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The Supreme Court has agreed to weigh the constitutionality of the decision by Congress in 2006 to reauthorize the Voting Rights Act, the landmark Civil Rights legislation enacted in 1965 that let millions of African-Americans cast ballots for the first time in states that had long blocked them from voting booths.
"Specially at issue is the constitutionality of the law's Section 5, the most important provision, under which nine states and parts of seven others with a past history of racial bias in voting must get official clearance in Washington before they may put into effect any change in election laws or procedures, no matter how small. The Court came close to striking that down three years ago, but instead sent Congress clear signals that it should update the law so that it reflects more recent conditions, especially in the South. Congress did nothing in reaction."
"The basic question is whether state and local governments that once boasted of their racial discrimination still can be forced in the 21st century to get federal permission before making changes in the way they hold elections.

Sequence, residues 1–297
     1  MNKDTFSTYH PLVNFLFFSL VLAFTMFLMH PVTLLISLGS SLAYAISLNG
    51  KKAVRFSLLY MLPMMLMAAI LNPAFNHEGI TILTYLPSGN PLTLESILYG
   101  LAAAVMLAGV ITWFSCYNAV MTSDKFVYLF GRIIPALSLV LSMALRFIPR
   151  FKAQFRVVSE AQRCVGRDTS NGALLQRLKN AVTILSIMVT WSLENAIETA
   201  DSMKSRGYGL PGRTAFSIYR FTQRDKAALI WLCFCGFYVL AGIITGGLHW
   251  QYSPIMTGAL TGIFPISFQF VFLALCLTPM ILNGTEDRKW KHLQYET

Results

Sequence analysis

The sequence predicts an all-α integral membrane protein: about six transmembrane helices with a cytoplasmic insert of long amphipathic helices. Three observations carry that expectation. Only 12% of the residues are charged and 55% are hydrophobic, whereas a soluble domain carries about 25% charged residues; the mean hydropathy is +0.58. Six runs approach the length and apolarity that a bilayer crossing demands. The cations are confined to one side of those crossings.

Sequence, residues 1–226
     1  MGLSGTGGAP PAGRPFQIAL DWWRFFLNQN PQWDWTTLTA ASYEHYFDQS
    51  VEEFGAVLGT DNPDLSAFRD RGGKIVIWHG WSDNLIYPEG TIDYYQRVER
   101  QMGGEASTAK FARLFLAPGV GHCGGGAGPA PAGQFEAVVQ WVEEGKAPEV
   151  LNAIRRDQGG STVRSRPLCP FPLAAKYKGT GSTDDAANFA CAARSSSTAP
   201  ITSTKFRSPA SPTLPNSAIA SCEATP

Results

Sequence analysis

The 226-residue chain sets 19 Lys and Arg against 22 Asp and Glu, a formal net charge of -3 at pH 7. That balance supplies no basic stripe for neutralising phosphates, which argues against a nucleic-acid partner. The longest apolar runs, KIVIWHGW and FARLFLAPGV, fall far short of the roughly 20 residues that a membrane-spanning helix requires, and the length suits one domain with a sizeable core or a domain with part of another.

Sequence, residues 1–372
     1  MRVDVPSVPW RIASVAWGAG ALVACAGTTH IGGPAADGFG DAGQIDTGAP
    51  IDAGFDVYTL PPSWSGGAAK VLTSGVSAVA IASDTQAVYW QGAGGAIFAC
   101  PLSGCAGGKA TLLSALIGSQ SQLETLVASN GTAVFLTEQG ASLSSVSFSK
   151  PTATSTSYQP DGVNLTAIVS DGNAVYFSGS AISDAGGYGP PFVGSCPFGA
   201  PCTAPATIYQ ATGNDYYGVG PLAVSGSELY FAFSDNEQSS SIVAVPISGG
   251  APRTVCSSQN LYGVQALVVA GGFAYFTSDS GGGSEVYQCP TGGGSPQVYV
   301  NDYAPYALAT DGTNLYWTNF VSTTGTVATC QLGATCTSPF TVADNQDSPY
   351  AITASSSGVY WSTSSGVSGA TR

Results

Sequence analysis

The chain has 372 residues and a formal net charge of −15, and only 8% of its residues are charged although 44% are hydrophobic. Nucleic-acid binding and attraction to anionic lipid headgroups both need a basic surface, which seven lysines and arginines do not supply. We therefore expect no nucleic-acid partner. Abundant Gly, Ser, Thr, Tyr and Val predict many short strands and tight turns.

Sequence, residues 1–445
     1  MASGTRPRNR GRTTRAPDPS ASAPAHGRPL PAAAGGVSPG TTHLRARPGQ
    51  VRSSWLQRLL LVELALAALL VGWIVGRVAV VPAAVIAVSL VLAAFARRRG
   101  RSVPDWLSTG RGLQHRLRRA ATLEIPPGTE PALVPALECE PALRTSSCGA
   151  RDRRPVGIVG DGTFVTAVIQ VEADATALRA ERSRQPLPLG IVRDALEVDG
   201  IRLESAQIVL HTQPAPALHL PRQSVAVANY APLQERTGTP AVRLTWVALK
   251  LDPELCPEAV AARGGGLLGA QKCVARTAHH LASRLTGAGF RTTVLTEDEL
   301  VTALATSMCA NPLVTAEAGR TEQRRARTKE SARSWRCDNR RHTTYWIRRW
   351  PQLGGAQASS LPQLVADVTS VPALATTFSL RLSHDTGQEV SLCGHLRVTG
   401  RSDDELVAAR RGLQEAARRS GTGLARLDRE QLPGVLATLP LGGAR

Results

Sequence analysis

"Some of the governments covered — most of them are in the South — argue they have turned away from racial discrimination over the years. But Congress and lower courts that have looked at recent challenges to the law concluded that a history of discrimination and more recent efforts to harm minority voters justify continuing federal oversight."
The case the court is taking has been brought by Shelby County, Alabama.
From August: "Communities Find Relief From Voting Rights Act."
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